Department of Labor: at-home companions must be paid overtime

Had you heard that disabled-rights activists have staged demonstrations in Washington, D.C. to protest a new Obama administration initiative? Not only that, but the disabled-rights activists are right.

At issue is an awful scheme by the Obama Labor Department, newly headed by Secretary Thomas Perez, to abolish most of the “companionship exemption” to federal wage and hour laws, which has up to now reasonably recognized that serving as a live-in or semi-live-in paid attendant to a sick, elderly or disabled person is not really the same sort of thing as working twelve-hour days on a factory assembly line. I’ve got a new post at Cato at Liberty looking at some of the consequences we can expect from making it far more expensive to provide a kind of round-the-clock care that often keeps people out of nursing homes. More: Bloomberg.

Some background on the controversy, beyond the links in the Cato post: National Council on Disability (a federal disability-advocacy agency that was not entirely prepared to toe the line in favor of the new regs); Stephen Miller, Society for Human Resource Management; Kaiser Health News; Disability Law (“disability rights groups… fear that substantially raising the cost of personal assistance services without increasing Medicaid reimbursements will force people with disabilities into nursing homes”); PHI and Direct Care Alliance (promoting regs); National Association for Home Care and Hospice and more (commercial group opposed); ADAPT (disability rights group opposed).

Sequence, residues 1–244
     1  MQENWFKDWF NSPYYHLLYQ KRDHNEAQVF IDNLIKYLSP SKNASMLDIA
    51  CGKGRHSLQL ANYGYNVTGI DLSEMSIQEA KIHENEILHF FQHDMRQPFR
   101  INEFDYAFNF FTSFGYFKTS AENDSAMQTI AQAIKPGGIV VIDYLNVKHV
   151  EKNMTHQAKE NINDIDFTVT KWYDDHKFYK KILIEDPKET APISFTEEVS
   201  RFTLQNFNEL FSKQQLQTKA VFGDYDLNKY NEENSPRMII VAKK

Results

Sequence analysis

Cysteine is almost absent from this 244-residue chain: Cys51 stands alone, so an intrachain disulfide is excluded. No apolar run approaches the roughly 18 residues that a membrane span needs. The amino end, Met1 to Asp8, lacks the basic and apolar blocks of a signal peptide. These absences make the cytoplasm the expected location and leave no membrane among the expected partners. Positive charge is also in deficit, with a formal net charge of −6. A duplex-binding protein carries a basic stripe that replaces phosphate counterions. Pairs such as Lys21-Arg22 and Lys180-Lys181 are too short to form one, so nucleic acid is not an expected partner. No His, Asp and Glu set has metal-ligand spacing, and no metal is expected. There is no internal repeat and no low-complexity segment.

More reactions: Bill McMorris/Free Beacon, Jon Hyman, Trey Kovacs/Workplace Choice.


  • This has the odor of an SEIU initiative.

  • Mike: Totally. All those billable hours just slipping through their fingers. And of course you can’t expect the clients to pay for that, so here comes Uncle Sugar with another Medicare expansion.

    Look for lots of stories about “these people work all day caring for the vulnerable elderly! We have to make sure they get paid their fair wage!

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  • […] Caleb Brown interviews me for a Cato podcast on the Administration’s new home-companion overtime rules, which could drive many elderly and disabled persons into nursing homes. Earlier here and here. […]